Published online Aug 18, 2015. doi: 10.4254/wjh.v7.i17.2119
Peer-review started: October 13, 2014
First decision: December 17, 2014
Revised: June 24, 2015
Accepted: July 16, 2015
Article in press: July 17, 2015
Published online: August 18, 2015
AIM: To compare the ability of model for end-stage liver disease (MELD)-Na and Maddrey discrimination function index (DFI) to predict mortality at 30 and 90 d in patients with alcoholic hepatitis (AH).
METHODS: We prospectively assessed 52 patients with AH. Demographic, clinical and laboratory parameters were obtained. MELD-Na and Maddrey DFI were calculated on admission. Short-term mortality was assessed at 30 and 90 d. Receiver operating characteristic curve analysis was performed.
RESULTS: Thirty-day and 90-d mortality was 44% and 58%, respectively. In the univariate analysis, sodium levels was associated with mortality at 30 and 90 d (P = 0.001 and P = 0.03). Child stage, encephalopathy, ascites, or types of treatment were not associated with mortality. MELD-Na was the only predictive factor for mortality at 90 d. For 30-d mortality area under the curve (AUC) was 0.763 (95%CI: 0.63-0.89) for Maddrey DFI and 0.784 for MELD-Na (95%CI: 0.65-0.91, P = 0.82). For 90-d mortality AUC was 0.685 (95%CI: 0.54-0.83) for Maddrey DFI and 0.8710 for MELD-Na (95%CI: 0.76-0.97, P = 0.041).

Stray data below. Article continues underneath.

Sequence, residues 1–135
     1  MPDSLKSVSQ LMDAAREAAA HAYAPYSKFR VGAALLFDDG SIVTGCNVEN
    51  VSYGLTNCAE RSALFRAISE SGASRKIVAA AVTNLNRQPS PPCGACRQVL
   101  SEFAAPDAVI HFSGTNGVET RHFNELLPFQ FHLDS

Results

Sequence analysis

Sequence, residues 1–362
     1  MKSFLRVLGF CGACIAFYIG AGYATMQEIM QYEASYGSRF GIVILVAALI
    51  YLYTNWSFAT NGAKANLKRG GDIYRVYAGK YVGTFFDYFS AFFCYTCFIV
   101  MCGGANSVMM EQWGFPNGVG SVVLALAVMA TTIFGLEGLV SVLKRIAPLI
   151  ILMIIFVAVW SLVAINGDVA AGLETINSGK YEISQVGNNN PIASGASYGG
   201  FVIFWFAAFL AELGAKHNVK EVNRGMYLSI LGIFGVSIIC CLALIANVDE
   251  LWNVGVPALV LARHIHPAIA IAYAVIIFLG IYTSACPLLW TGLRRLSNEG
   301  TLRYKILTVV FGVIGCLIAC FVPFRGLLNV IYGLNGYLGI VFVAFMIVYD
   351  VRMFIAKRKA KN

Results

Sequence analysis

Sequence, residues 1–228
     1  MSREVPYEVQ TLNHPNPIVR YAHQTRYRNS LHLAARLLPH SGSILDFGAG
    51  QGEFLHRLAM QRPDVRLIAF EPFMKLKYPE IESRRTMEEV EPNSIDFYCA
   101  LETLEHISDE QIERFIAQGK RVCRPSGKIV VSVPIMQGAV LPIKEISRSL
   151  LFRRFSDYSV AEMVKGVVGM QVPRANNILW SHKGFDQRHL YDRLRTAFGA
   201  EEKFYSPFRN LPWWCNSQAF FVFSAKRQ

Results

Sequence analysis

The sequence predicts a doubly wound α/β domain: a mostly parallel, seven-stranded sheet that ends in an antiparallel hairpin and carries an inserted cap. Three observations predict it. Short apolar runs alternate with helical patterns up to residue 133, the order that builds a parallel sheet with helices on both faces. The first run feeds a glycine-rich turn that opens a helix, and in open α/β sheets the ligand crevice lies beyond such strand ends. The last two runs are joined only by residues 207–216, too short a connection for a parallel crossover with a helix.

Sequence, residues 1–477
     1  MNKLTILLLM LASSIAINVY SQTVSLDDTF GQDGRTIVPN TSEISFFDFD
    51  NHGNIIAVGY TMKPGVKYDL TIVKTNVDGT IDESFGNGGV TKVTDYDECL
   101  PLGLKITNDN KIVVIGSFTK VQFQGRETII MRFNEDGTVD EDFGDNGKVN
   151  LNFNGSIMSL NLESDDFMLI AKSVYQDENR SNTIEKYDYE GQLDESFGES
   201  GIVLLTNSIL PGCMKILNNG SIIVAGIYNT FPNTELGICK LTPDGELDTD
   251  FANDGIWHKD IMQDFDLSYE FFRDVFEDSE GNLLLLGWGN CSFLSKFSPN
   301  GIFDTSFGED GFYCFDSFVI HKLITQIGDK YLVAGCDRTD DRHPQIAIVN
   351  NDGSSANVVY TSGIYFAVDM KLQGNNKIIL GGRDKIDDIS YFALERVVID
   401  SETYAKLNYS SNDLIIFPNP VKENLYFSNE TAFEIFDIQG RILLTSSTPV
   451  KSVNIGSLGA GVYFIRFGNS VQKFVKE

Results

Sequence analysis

CONCLUSION: AH is associated with high short-term mortality. Our results show that MELD-Na is a more valuable model than DFI to predict short-term mortality.
Core tip: Alcoholic hepatitis (AH) is a severe condition associated with high mortality. The model for end-stage disease (MELD) score is widely used to predict mortality in end-stage liver disease, and the addition of sodium (MELD-Na) increase its utility. However, few studies have evaluated the utility of MELD-Na in AH. In this study, we found that MELD-Na is useful for predicting 90-d mortality in patients with AH and preserve prognostic advantage over Maddrey discrimination function index score. It represents a valuable tool to stratify patients by risk, however further studies are required to validate the prognostic utility of MELD-Na score in patients with AH.